Reviews

Avenue Q

Music and lyrics by Robert Lopez and Jeff Mars. Prince Moo Productions. Directed by Peter Snee. Her Majesty’s Theatre, Melbourne. August 3 – 14, 2016

When Avenue Q won Broadway’s Tony Awards triple crown in 2003, some people were surprised. This deceptively simple musical (more a series of vignettes) which features “full frontal puppet nudity and other vulgarities” wasn’t the usual stuff that hit musicals were made of, but Robert Lopez and Jeff Mars channelled their inner kids to give us an Adults Only Sesame Street, and turned expectations upside down. Thirteen years later this new production proves that a good show is a good show, regardless of style or fashion.

Edward II

By Anthony Weigh. Directed by Matthew Lutton. Malthouse Theatre, 113 Sturt Street, Southbank. 29 July – 21 August, 2016.

Edward II is a contemporary adaptation of the original Christopher Marlowe play but the text easily stands on its own as a new and innovative piece. The main characters are retained and all the sexual and political intrigue is effectively transferred into this production. The text dedicates a great deal of attention to the tender relationship between Piers (Paul Ashcroft) and Ned (Johnny Carr) and depicts their attraction with the complexity and naturalness of any ordinary couple.

The Matchmaker

By Thornton Wilder. Independent Theatre. The Goodwood Institute. August 5-13, 2016.

Following a complicated and at times painful genesis, Thornton Wilder’s comedy The Matchmaker has endured since the mid 1950’s and has also resulted in its well-known stage and screen offspring, the musical Hello Dolly!

The Matchmaker is an unlikely blend of comedy of manners and farce, which Adelaide’s Independent Theatre makes the most of with a very good current production directed by the company’s Artistic Director Rob Croser.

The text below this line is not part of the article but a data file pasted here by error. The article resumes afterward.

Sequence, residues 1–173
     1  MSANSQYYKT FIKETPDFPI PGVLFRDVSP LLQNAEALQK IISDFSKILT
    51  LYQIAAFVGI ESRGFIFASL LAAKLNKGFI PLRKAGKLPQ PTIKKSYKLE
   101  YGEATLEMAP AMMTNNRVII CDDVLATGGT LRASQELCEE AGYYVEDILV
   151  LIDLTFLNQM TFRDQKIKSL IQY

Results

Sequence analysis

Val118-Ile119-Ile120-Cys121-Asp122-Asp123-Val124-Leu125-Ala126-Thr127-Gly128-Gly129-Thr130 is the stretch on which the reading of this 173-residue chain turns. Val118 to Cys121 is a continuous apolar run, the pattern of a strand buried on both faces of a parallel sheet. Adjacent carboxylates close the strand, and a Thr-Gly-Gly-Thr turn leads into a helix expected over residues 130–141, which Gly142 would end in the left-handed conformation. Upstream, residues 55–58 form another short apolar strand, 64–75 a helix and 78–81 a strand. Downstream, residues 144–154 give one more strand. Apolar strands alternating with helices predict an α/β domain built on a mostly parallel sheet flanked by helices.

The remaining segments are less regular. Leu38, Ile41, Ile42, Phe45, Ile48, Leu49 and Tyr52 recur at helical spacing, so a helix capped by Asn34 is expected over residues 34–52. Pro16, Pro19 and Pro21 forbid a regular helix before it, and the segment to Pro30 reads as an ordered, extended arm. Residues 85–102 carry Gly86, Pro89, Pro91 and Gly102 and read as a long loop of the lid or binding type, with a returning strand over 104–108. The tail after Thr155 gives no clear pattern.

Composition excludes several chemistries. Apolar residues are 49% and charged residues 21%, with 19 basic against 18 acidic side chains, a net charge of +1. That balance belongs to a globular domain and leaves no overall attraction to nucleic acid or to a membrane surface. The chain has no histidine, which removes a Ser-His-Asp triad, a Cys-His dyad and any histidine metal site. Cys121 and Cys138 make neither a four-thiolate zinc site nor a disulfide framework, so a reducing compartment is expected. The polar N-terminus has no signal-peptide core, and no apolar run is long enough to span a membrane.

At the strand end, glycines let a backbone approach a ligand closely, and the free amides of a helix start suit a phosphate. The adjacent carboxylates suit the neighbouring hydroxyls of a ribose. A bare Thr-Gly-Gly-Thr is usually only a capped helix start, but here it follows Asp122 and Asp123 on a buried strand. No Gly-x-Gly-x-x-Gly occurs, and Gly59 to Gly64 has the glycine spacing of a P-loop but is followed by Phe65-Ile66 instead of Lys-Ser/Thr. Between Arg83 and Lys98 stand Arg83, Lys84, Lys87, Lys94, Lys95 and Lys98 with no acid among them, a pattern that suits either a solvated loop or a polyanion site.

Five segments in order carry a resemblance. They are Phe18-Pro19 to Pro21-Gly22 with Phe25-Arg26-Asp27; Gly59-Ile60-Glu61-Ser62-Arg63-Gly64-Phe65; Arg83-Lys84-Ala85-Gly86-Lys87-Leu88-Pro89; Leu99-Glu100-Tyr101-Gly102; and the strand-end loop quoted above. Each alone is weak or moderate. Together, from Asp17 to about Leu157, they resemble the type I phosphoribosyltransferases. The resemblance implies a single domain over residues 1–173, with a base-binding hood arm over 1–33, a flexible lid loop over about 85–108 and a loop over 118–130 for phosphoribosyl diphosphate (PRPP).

Blood Brothers

Book, Lyrics and Music by Willy Russell. Co-Directors: Nate Butler and Leisi Edmonds. Musical Director: Andrew Swan. Don Craig Room, Laycock Street Theatre, North Gosford. August 3-6, 2016

Central Coast based Nate Butler’s studio has grown over the past five years - from a vocal coaching (specialising in musical theatre) to this year launching as a legit training facility for fully accredited Certificate IV and Diploma courses in Musical Theatre. Despite the youth of the students, the studio has compiled a formidable and challenging program of shows for the 2016 season, kicking off in April with Parade. The next production will be the Coast premiere of Avenue Q.

Broken

By Mary Anne Butler. Directed by Shannon Murphy. Darlinghurst Theatre Company, Sydney. 29 July – 28 August, 2016

Broken is not the play you imagine it might be. The story concerns a woman who rolls her car on a highway in the Northern Territory, and the bond she forms with a mine worker who saves her life. But this sharply written and unusually staged production goes much deeper, capturing a profound sense of what it’s like to live in the remote outback and how three isolated characters struggle for a sense of connection and meaning.

Caucasian Chalk Circle